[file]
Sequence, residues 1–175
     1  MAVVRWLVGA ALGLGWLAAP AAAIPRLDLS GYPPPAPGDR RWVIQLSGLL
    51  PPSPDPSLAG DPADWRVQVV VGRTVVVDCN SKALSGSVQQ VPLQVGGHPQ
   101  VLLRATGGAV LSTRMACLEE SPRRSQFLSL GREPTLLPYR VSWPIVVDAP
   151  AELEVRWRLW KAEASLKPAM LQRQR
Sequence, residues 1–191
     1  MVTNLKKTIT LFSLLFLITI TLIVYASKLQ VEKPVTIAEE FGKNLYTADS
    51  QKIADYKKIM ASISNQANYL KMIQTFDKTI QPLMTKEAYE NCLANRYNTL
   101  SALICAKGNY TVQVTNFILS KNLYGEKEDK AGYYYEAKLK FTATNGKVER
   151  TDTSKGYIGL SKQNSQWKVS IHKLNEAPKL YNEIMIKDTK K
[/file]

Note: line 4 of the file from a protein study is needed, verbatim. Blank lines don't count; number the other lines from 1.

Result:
   101  VLLRATGGAV LSTRMACLEE SPRRSQFLSL GREPTLLPYR VSWPIVVDAP